The ramifications of geopolitical risk were brought home powerfully on the first Monday in August when US stocks plunged following the Chinese yuan dipping to below seven to the dollar. With this, Bloomberg reported that the richest 500 people on Earth lost a combined $117 billion equating to some 2.1% of their collective wealth.
The new safe havens
To navigate these turbulent seas, defensively-positioned portfolios have been increasingly adopted in private banks and wealth managers’ investment outlooks.
“We would advise clients to be very mindful of what they have in their portfolio,” Carrier tells PBI.
“Stocks with low levels of debt and strong cash flow generation tend to be better performers over the long run, particularly in times of turbulence. Underlying all of that, companies that can do this tend to have a very strong business model.
“We prefer sectors which are more defensive to those that are more cyclical. We’re overweight in staples, for example, which we see as being relatively defensive.
“And in terms of fixed income, with central banks becoming dovish, we’ve increased duration.”
Along with bonds, traditional safe havens are back in fashion. Gold has hit six-year highs in recent months and, at the time of writing, is sitting just above $1500/ounce.
But a new asset class is now being deemed a safe haven. Bitcoin’s price is up over 200% in 2019, as some institutional investors watch on with interest. One commentator went as far as to say it is becoming irresponsible to have no exposure to Bitcoin in the current climate.
Love the late cycle
Viewing the market in a very dispassionate way can help investors embrace the late-cycle environment, reducing a great deal of risk, while remaining engaged to the possibility of healthy return.
“The factors that we look at are valuation, momentum and sentiment,” says Kamal.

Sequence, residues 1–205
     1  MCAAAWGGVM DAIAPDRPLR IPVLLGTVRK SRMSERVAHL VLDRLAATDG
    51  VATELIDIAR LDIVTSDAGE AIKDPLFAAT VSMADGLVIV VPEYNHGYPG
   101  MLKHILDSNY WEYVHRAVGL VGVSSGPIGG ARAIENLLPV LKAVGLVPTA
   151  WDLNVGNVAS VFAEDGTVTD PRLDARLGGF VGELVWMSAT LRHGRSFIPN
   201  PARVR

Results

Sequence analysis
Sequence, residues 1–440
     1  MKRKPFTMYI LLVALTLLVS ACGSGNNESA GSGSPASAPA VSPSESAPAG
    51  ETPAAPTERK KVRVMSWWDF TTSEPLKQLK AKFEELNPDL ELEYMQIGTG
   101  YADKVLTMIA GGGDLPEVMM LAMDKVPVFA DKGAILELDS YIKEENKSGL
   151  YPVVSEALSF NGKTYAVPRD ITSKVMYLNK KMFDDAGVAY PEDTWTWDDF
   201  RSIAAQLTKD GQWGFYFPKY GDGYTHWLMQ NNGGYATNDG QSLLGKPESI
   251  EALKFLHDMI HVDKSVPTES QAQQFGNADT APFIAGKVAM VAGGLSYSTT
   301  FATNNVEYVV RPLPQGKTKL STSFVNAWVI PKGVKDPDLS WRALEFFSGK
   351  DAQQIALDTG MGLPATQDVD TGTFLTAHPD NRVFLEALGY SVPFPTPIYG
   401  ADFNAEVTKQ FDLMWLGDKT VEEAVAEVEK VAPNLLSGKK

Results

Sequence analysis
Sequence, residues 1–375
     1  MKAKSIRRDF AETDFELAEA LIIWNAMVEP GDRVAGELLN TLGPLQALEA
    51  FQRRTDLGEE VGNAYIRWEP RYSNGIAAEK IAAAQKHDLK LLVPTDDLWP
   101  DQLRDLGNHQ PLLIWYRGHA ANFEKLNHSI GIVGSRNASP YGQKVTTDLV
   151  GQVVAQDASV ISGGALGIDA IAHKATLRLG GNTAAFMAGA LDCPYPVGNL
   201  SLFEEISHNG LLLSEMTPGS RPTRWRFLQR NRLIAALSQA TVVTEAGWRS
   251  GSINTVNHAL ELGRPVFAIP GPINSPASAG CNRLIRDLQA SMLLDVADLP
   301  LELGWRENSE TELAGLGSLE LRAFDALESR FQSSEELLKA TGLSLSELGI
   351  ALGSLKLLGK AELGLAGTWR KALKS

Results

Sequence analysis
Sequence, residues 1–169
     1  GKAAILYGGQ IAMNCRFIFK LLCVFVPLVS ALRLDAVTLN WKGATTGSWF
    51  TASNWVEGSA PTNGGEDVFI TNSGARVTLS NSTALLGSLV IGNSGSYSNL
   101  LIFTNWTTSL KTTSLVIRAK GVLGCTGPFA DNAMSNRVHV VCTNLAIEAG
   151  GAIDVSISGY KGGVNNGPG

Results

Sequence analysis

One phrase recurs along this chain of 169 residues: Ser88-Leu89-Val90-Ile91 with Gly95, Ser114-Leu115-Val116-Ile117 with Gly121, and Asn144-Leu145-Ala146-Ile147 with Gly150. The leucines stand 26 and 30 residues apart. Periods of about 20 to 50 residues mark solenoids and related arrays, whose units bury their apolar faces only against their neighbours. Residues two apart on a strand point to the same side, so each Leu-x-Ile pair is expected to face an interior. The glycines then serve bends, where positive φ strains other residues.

“Valuation is increasing, but it isn’t worrying us terribly yet. While we’re late stage, we’re not glaringly expensive.The UK, for example, has very fair valuation levels.”
Of momentum, Choukeir explains: “Trends feed on themselves. When something is gaining in popularity, people pay attention, and there is fear of missing out. So they start to buy, and that takes its price higher, and then other people start to pay attention.
“If you have negative trends, where everybody’s rushing for the exits at the same time, those tend to show the risk of losing value.”
This may seem like common sense, however Kleinwort Hambros’ approach becomes intriguing when we come to sentiment.
“If you go against the herd, you stand a good chance of generating good returns,” Choukeir explains.
“When everybody’s fearful, that’s the time to look at the asset and see if there’s a chance it’s actually undervalued, and therefore there’s a chance of making returns.
“And clearly, when something is overly euphoric, overly optimistic, there’s too much hype about it, there’s a chance that you will lose money.”
This will be seen as a difficult approach to reconcile. Fearing poor momentum, while also embracing negative sentiment would appear to be contradictory, as one so closely feeds off the other. In the current climate, for example, the largely negative sentiment could be seen to adversely affect momentum.
“They don’t all point to the same direction at the same time,” Choukeir acknowledges. “What we do is combine those risk factors and we see that actually they give you a more balanced assessment of the market.
“When they all point in the same direction, that’s the time to have high conviction.
An example of this would be the crisis in the Eurozone of 2012, where European equities were cheap, sentiment was negative, but momentum was positive thanks to the ECB’s “Whatever it takes” approach.
“You had a tick against all three of those characteristics,” Choukeir says, “and European assets performed exceptionally well in 2013 and 2014 on the back of those ripe conditions.”